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Organ Bank
by F.H. Griffith - HOBBIES Magazine - June, 1979

79-06.JPG (15712 bytes)The May 1979 article mentioned that animals were a popular subject matter for the designers and manufacturers of mechanical banks. Many kinds of animals are represented by the mechanicals, including lions, bears, dogs, elephants, pigs, buffalo, tiger, camel, horses, mules, cats, squirrel, rabbits, wolf, cow, ram, bull, and last, but not least, monkeys. Monkeys form a rather sizeable group of the mechanical banks, and these include from common to rare and simple action to more complicated action. Some of the mechanical banks in the monkey group are Monkey And Coconut, Monkey And Parrot, Rival (a very rare bank), Monkey With Tray, Zoo, Monkey Bank, Monkey (Coin in Stomach), Little Jocko Musical, Lion And Two Monkeys, Chimpanzee Bank, Hall’s Excelsior, Give Me A Penny, and the four different Organ Banks.

A popular figure on the American scene in the late 1800’s and early 1900’s was the organ grinder with his ever active monkey going through his antics to the tunes of the organ. So it is quite logical that this subject matter is well represented in the monkey group of the mechanicals. These include the four Organ Banks — Organ Bank (Cat And Dog) Type I, Organ Bank (Boy And Girl) Type II, Organ Bank (Miniature), and the Organ Bank (Monkey). The first three of these have already been classified in past articles, and it is the fourth one, Organ Bank (Monkey), that we now concern ourselves with as No. 277 in the numerical classification.

The Organ Bank (Monkey) was patented May 31, 1881, by Louis Kyser and Alfred C. Rex, of Philadelphia, Pennsylvania, and made by their concern, Kyser & Rex, of the same city. The patent papers and drawings are identical to the bank with one exception. Instead of bells as used on all their Organ Banks, a comb similar to those in some music boxes was to be utilized to provide the musical sound. The patent refers to the comb as a ‘musical fork’ and further explains that they do not confine themselves to this method of providing music, but prefer this method for this type of toy. The writer feels that when the bank approached the production stage they, Kyser & Rex, decided to use bells. The writer has never seen or heard of any of the four Organ Banks that used a comb or fork for providing the sound. He feels quite certain that none were ever produced in this fashion.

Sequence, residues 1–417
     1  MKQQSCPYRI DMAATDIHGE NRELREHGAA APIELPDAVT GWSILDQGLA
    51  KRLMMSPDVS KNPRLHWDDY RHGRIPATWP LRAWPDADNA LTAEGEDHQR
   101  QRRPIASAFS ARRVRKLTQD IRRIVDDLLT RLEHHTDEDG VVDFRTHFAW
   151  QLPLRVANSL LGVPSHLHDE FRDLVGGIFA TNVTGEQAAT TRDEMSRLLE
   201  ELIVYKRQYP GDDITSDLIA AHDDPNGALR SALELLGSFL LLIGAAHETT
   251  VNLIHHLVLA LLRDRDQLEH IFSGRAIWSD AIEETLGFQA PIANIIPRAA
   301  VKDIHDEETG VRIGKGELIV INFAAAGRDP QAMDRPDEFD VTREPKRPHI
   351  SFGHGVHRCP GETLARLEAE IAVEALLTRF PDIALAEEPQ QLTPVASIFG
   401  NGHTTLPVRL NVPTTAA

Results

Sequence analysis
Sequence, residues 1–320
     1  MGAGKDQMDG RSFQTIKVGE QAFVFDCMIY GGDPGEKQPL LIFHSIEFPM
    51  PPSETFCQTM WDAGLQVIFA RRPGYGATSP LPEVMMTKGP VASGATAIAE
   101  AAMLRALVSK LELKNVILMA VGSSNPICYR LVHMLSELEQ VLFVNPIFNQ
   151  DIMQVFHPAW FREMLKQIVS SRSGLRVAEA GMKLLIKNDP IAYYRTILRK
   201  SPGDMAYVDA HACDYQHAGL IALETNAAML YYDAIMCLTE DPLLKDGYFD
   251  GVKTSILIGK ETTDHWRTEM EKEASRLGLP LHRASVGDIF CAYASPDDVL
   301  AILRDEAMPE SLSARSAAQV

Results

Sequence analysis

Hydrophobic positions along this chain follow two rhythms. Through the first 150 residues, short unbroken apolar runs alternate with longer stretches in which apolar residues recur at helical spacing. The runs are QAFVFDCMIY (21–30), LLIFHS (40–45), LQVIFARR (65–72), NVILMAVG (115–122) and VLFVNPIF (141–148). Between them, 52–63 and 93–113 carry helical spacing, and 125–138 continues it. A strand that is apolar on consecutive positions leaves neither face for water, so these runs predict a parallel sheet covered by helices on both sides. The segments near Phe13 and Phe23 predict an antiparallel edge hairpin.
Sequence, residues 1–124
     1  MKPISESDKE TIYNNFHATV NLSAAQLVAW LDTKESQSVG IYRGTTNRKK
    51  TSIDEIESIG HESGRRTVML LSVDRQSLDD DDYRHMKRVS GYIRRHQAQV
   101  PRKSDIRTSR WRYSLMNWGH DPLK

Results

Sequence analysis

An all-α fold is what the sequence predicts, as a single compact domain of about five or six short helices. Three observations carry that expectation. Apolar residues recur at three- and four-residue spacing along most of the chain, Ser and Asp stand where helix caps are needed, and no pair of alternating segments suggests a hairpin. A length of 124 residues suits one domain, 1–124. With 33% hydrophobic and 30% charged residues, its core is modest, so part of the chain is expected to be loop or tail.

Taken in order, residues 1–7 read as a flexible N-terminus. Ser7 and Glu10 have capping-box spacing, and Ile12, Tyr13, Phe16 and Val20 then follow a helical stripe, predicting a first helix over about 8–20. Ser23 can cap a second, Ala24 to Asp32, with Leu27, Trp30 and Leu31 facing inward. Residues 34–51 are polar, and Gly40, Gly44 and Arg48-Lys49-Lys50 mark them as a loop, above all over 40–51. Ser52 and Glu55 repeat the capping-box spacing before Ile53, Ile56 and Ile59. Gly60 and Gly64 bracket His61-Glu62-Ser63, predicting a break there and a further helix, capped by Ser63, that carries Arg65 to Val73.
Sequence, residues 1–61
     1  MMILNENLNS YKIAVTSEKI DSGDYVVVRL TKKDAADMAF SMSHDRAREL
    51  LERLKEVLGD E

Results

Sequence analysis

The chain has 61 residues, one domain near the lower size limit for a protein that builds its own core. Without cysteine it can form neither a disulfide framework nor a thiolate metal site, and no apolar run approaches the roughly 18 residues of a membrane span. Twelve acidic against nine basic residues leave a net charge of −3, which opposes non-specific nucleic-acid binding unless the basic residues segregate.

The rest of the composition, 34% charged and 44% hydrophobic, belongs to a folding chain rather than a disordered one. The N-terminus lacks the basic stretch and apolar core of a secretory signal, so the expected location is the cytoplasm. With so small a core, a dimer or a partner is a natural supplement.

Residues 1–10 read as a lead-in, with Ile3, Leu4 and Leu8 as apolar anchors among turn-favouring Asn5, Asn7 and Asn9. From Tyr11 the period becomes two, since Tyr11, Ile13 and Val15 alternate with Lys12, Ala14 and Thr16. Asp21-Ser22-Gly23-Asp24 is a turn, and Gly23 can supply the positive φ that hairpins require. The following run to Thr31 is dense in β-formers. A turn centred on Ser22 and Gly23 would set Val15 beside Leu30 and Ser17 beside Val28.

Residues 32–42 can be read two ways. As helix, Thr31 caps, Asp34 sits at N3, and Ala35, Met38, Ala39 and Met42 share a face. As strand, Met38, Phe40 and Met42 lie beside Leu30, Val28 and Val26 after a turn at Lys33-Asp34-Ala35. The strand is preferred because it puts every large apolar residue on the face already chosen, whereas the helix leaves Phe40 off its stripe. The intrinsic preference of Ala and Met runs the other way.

The bank shown is in excellent original condition with no repairs and fine original paint. Colors are an all over brown on the organ with the name, pipes, and decorations on the front in gold. The music sheet on the lower front section is white with black notes. The grillwork on the sides and the back is in gold, as is the crank operating handle. Inscribed in the back is the patent date ‘PAT. MAY 31, 1881’. The monkey sits on a green seat and he has red trousers and a yellow jacket. The jacket has red edging, red buttons, and white cuffs. His hat is blue with a yellow visor and a yellow dot on top. The monkey is brown with white eyes, black pupils, and a red mouth. The extended tray in his right hand is gold. This all adds up to a very attractive bank.

The bank is held together by a large force bolt through the center top and bottom. A key lock coin trap is in the base plate.

To operate, a coin is placed on the tray and the crank on the right side is turned clockwise. This causes the monkey to lower the tray to the raised edge coin slot where it slides from the tray into the bank. At the same time he tips his hat forward and then back to his head as shown in the picture. The bells inside make a pleasant sound accompanying the described action.

In closing, when we mention the different animals in the first paragraph some are plural and some singular. These that are singular are mechanical banks which exist in the one animal form only, to the best of the writer’s knowledge.


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